With your mailbag section you say “Sock it to us”, so here goes.
Firstly, let me say I love your magazine and have bought virtually every issue since the first.
Your article on the Monaro’s 50th was generally an enjoyable read but my blood boiled when, once again, I read about how the HG350 had softer suspension that the HT350 and was slower – you are yet another magazine perpetuating this myth!
While the rest of the HG Monaro range DID have softer settings than the (main) HT Monaro range, the 350 in both HT and HG had identical suspension. Not only that, but when the original supply of 350 engines ran out in the HG, the replacement that GM-H sourced was more powerful (although advertised horsepower remained the same). So, the last of the HG350s (November ‘70 build) were the fastest of all the original Monaro series. As for a standard XU-1 being quicker than a standard HT or HG350, that is also so wrong, While an XU-1 might be quicker around a race track, in a straight line drag, an HT or HG350 manual is quicker.
I know you quoted Norm Darwin’s book for a lot of your article but there are errors and misleading information in that too. For instance, the acceleration time of 0-50 for the 350 Monaro he quotes (and you reproduced) from the July ’70 issue of Wheels magazine is for an automatic 350 which has the 275bhp engine. Not only that, but Norm states that it’s an HG when, in fact, it’s an HT!
I don’t suppose you will ever print this but I had to get it off my chest. I just get so angry when these same old incorrect ‘facts’ get rehashed over and over again. I think about newer, younger enthusiasts who read this stuff and believe it to be true. I am so passionate about the HK to HG series of Monaros – every true enthusiast deserves to know the truth about them.
ED: Ouch! Cool your jets there, Glenn, and thanks for picking us up on that. It highlights just how difficult it can sometimes be to untangle the detail from a distance of half a century. Anyway, you’ve given us good reason to go back and correct our digital files. Much appreciated.
Hi Unique Cars, enjoyed the latest issue (419 – Euro value guide) as always. All of the great suggestions had me searching for a good value European car. I searched through all the Boxter S, 944, BMW M car usual suspects.
Being a BMW fanboy and former E36 325 coupe owner I can give a surprising recommendation on a better choice than the Jaguar XK8 suggested in Guido’s editorial.
The praise heaped on the Mercedes-Benz CLK430 as a surprising performance car made me think of the CLK500, an almost E46 M3 competitor with a more effortless GT form and function.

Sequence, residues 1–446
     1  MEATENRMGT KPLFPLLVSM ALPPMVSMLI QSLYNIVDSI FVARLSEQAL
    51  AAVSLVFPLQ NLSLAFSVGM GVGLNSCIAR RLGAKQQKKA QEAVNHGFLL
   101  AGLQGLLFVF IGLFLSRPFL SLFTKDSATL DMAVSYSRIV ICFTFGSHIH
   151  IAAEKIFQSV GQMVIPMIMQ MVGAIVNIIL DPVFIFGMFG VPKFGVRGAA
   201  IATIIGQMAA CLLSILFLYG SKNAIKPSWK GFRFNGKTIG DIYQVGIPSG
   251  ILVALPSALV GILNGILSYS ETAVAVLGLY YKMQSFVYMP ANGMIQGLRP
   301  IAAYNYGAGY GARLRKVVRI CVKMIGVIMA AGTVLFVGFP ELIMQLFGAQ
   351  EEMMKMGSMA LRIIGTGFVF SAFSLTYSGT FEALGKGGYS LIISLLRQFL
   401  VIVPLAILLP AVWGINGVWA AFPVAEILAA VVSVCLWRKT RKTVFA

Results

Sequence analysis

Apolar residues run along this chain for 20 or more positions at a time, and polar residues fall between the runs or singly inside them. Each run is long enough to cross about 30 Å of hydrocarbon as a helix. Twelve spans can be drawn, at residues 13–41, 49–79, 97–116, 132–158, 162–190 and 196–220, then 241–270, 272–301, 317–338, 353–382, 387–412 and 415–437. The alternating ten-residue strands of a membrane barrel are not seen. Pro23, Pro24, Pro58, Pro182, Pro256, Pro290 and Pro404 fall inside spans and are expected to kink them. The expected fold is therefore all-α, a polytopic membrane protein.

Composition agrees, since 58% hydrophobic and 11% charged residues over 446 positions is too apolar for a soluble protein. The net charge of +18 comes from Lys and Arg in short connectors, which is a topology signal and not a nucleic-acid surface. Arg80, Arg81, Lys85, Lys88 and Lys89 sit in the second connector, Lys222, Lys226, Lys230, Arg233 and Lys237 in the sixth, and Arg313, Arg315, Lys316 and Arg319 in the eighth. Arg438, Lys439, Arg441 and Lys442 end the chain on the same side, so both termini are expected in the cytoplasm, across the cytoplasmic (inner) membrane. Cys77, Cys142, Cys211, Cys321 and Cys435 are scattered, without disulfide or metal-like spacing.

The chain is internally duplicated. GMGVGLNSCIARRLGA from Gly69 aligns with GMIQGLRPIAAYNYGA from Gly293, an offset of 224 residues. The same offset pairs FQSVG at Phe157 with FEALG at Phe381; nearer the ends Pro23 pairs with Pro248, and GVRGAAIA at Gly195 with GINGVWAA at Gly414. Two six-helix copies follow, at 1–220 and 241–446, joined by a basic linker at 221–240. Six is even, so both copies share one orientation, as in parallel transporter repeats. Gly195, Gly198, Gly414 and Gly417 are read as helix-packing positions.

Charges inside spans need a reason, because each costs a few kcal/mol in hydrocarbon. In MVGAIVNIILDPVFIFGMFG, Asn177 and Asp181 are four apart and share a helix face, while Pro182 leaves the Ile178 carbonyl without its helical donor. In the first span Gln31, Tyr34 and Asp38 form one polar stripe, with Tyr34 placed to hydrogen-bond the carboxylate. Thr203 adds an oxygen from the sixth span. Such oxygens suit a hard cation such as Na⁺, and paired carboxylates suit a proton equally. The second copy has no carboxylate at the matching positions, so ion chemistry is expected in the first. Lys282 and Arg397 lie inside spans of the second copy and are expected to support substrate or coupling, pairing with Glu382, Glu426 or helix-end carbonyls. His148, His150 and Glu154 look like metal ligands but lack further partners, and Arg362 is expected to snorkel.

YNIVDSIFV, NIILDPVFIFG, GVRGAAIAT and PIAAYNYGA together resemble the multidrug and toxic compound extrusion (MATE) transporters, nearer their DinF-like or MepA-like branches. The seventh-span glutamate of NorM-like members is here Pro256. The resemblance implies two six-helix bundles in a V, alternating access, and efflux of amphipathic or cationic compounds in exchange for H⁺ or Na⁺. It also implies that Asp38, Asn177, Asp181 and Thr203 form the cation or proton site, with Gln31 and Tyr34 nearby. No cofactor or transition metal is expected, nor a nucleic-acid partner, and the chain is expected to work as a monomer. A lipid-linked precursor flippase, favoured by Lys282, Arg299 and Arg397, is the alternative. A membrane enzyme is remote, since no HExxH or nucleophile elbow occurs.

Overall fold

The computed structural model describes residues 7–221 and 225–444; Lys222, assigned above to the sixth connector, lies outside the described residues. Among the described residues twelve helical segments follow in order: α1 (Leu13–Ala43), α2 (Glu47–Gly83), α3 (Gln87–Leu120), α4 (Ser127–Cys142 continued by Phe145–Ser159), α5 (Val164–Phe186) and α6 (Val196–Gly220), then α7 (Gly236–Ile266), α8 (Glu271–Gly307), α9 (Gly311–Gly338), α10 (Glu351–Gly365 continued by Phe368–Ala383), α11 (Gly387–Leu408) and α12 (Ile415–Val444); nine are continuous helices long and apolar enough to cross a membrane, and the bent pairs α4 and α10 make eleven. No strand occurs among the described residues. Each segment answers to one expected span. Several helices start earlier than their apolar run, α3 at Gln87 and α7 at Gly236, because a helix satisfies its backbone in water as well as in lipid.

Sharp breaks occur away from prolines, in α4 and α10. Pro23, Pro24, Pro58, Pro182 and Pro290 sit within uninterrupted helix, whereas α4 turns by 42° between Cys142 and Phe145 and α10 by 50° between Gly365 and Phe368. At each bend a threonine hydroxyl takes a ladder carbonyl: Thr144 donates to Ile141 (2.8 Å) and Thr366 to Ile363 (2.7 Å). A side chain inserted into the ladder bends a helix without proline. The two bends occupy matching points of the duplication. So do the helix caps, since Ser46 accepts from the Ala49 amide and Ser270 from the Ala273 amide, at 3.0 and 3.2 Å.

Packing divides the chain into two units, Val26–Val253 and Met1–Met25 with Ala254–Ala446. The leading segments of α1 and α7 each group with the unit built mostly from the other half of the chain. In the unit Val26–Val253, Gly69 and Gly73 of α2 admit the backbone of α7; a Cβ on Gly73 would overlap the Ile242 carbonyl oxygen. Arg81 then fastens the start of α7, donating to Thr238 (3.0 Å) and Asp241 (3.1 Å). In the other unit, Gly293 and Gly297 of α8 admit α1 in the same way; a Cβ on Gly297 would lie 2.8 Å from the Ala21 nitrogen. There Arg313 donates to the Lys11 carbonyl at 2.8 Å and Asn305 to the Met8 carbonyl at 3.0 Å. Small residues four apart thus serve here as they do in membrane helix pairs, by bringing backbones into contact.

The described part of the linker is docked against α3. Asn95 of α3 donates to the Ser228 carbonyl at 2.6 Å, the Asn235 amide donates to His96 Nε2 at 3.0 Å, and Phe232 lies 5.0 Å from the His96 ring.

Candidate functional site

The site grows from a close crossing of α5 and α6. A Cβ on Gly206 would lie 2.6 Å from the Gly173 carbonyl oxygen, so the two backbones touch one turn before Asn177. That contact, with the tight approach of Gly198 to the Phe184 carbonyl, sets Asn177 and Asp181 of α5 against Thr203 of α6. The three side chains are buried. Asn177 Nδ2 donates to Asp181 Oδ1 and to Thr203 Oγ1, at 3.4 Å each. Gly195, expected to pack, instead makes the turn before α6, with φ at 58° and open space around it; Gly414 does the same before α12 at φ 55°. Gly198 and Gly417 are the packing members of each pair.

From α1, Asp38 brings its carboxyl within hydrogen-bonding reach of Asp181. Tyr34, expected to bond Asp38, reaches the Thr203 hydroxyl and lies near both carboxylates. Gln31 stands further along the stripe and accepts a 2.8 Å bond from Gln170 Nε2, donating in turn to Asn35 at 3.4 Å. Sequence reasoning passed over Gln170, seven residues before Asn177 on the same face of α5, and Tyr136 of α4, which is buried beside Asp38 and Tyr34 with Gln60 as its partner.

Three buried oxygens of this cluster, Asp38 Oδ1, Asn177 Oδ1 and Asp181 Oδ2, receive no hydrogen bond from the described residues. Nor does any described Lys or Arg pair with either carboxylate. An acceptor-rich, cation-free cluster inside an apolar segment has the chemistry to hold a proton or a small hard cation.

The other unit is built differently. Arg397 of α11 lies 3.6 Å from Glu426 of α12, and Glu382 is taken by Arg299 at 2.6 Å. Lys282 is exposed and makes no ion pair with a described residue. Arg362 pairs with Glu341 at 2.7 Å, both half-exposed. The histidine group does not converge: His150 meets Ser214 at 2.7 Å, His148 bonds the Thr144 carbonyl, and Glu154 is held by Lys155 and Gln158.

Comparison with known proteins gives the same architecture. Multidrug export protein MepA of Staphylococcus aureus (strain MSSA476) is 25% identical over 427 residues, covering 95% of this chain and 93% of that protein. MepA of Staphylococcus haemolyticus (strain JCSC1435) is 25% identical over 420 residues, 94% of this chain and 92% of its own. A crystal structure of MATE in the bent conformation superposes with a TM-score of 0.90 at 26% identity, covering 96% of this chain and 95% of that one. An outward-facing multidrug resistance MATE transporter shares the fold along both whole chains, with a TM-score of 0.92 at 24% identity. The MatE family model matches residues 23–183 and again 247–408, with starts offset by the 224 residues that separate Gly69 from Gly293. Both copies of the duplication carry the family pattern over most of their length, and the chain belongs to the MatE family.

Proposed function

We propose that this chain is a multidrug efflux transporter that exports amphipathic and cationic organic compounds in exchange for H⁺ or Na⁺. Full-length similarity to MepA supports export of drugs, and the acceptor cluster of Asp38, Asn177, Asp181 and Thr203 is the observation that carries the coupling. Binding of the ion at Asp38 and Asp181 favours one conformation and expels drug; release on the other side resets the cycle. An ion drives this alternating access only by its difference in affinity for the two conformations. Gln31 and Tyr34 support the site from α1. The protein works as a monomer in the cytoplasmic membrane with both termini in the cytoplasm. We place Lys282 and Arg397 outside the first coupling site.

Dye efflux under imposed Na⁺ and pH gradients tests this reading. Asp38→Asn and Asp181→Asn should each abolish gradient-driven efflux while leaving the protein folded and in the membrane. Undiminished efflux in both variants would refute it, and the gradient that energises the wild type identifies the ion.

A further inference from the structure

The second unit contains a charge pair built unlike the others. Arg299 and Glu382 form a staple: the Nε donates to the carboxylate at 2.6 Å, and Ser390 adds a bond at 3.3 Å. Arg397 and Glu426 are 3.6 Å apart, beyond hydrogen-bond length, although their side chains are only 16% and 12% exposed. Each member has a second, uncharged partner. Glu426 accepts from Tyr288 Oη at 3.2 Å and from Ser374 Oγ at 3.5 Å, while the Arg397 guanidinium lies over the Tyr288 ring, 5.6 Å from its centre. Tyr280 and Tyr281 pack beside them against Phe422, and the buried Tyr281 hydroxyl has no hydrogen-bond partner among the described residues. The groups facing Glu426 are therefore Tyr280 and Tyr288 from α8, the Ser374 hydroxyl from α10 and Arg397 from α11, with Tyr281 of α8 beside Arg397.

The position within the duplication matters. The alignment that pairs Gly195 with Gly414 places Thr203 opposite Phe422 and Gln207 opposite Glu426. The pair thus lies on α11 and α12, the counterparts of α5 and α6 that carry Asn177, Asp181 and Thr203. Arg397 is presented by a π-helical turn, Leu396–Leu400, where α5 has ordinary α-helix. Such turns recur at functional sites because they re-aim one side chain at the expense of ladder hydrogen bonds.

It turns out that there is a 2003 CLK500 on offer with just 126,000 kilometres for $12,000. All it needs according to the owner is brake discs and pads. A US parts supplier, Pelican Parts, has discs and pads from OEM supplier ATE on offer for US $377. An elderly neighbour owner owns the same model and swears by its reliability, saying it’s only needed regular servicing, but she is a former Jaguar XKS and XK8 owner...
ED: You’re making way too much sense, Lachy. I’ve owned a few old Benzes and my experience is they hang together pretty well so long as you keep the maintenance up. So, did you buy the car?
With many jurisdictions around the world planning to ban vehicles with internal combustion engines by as early as 2030. It begs the question: How viable are collectable cars going to be in the future?
After all, much of the fun we derive from our hobby is the fact that we can still drive our pieces of history on public roads. Or even use them as our daily transport, in many cases. But will people be as keen to dedicate time money and shed space to Trailer Queens that can only be pushed around? And what will that do to the future values of the collectable cars we’ve stashed away for our retirement? Who’ll want them if they can’t be used?
Gary G Smith
ED: Really good question, Gary. I’m a little optimistic about the future but won’t be surprised if it looks very different to what we’re doing now. For example, will petrol stations all but disapprear and return to what they once were – a corner specialist store selling drums of fuel to enthusiasts? There’s much to discuss. Feel free to chip in with your thoughts, folks. What do you see as the future? (Drop us a line at uniquecars@bauertrader. com.au)
On the question of should club plate cars have to undergo annual roadworthy checks: Why would you want to stuff around with making it harder for classic car owners who spend a lot of hard earned on their money pits already? And not to forget rego and insurance for a car we may only use a dozen times a year.
Then there’s the time off work to get this annual check done.
You’re always going to have guys in shitbox cars no matter what and that’s no reason to penalise all old car enthusiasts.
ED: Yep, there’s a bit of a debate on this one, Todd. Glenn Torrens lives with the annual checks in NSW and thinks they’re a good thing. I live in Vic, which has no annual checks, and the idea of having to do them for all 20-something vehicles fills me with horror. Glenn says the checks up his way are quick and cheap, but in Vic a roadworthy is over $150 a pop and the crash stats don’t seem to point to an urgent need for annuals. That said, annuals do give people a reason to regularly check all the basics… it’s a tough one.